For the energy transition and decarbonization, founders, businesses, and investors must consider a broad set of stakeholders, partners, and complex ecosystem interactions, raising the bar for viability. Achieving commercial viability throughout the system is critical for effecting change at a systems level. Complexity operates at many levels in mitigating and building resilience to climate change. The climate problems themselves are complex, the broad set of possibilities multiply that complexity, and the environmental solutions can be uncertain.
To avoid the “Commercialization Valley of Death,” ClimateTech has to problem-solve, then deploy, interact, and scale in an emergent manner in the context of a hyperconnected systemic real world.
Complexity demands system innovation, not point solutions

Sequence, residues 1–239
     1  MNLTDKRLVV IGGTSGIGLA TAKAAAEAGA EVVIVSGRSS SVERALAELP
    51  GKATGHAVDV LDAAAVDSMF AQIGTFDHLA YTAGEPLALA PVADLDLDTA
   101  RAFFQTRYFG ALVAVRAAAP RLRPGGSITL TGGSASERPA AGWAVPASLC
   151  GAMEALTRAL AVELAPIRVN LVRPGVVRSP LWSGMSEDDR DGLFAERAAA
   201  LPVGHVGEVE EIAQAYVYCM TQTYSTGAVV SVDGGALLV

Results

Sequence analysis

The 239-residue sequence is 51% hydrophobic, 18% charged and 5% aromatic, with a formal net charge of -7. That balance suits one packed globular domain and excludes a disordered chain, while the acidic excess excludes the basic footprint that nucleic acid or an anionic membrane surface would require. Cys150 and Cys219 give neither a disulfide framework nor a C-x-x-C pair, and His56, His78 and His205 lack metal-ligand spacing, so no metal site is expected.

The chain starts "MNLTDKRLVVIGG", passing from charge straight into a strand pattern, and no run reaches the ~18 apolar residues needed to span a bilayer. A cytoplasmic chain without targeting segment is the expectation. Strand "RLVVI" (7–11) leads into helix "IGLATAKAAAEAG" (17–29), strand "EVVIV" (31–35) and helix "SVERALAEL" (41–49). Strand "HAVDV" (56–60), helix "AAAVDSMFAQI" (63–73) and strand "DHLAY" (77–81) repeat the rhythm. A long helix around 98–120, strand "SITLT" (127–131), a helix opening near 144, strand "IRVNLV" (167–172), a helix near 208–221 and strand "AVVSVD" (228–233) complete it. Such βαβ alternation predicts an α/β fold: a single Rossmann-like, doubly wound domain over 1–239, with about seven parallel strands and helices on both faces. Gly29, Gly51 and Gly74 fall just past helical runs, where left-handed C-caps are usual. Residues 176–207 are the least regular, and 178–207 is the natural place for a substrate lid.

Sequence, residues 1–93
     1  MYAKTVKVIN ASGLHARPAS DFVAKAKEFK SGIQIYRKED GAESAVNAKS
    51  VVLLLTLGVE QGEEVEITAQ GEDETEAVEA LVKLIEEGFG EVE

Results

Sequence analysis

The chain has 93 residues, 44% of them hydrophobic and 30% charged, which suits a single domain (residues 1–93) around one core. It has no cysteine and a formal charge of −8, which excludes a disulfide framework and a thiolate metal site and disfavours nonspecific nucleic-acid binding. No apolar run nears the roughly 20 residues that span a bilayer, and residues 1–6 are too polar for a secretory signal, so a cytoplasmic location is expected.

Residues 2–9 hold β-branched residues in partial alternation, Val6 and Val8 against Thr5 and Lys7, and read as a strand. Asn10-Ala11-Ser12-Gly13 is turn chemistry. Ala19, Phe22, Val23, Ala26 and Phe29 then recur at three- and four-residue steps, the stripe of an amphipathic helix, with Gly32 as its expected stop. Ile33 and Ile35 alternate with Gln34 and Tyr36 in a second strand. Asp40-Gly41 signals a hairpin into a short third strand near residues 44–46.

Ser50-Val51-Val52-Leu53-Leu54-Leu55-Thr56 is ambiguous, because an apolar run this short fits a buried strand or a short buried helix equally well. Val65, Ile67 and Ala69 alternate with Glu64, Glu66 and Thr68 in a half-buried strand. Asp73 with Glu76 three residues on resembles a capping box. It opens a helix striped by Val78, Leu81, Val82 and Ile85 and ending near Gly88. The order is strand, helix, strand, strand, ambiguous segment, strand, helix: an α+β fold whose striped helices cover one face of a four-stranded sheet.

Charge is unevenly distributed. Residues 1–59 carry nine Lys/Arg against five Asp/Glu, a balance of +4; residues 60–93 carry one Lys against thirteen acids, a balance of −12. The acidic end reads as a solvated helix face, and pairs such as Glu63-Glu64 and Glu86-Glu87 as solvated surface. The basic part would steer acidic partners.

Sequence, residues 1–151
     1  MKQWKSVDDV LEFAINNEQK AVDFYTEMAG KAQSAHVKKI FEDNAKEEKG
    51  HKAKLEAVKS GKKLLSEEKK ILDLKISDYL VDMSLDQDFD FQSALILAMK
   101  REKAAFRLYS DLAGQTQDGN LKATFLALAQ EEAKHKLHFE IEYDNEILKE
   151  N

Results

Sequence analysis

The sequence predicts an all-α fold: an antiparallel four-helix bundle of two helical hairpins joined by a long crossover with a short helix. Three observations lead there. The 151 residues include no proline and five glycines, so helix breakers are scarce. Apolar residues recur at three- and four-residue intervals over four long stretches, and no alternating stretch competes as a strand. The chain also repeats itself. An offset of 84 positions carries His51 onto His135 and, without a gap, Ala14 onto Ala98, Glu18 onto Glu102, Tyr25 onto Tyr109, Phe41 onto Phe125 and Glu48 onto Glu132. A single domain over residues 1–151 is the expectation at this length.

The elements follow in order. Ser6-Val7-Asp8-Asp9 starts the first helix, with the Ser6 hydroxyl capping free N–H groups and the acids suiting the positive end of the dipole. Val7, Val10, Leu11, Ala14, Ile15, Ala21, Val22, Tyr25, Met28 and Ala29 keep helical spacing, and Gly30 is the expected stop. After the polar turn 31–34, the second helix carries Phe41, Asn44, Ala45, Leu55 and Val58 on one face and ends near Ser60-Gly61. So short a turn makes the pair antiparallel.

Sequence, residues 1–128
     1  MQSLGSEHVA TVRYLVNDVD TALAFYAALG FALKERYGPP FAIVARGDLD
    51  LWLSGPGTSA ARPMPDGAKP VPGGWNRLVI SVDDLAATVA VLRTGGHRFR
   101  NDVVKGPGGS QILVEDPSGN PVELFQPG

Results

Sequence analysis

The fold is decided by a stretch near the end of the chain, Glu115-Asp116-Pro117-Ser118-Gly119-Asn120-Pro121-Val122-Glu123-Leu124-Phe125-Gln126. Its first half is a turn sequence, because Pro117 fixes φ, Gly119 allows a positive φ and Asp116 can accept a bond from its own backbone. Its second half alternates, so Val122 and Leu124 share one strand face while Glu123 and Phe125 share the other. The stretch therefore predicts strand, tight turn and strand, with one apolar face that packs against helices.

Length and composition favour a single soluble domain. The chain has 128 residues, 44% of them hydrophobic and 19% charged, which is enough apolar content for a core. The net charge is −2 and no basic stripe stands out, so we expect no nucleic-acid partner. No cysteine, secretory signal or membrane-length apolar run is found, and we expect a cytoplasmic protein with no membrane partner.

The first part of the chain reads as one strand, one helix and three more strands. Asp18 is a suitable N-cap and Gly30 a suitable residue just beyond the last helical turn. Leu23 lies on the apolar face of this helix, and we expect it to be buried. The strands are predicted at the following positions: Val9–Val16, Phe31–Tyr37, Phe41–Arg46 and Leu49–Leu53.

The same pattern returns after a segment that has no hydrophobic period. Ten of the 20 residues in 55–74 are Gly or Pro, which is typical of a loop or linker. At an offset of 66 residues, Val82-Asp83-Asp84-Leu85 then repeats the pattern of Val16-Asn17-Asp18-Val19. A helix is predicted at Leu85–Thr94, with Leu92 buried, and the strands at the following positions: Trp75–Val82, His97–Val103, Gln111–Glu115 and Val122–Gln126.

The industrial, mechanical, and technological world often relies on specific expertise and technological solutions. Conversely, the emergent and interdependent ClimateTech constituents cannot rely on predetermined resolutions with a clear understanding of outcomes ex-ante. The mysteries of the Amazon rainforest, which is in constant flux, where species become extinct, weather patterns change, and which will be affected by an infinite number of interactions between its parts, are more complex than simple point solutions. There are few straightforward relationships in these environments, which complicates any potential solutions.
Crossing the Commercialization Valley of Death for ClimateTech could create positive inflection points. These beneficial tipping points can help achieve critical mass for system innovation and technologies offering pathways to reducing emissions and supporting the energy transition. However, achieving this is no simple task, and it can’t be done by any one individual, organization, or technology. Embracing this challenge requires a collective, collaborative, adaptive, and resilient approach that harnesses the levers for change to drive system innovation.
Business model-as-a-system (BMaaS) to drive transformational change?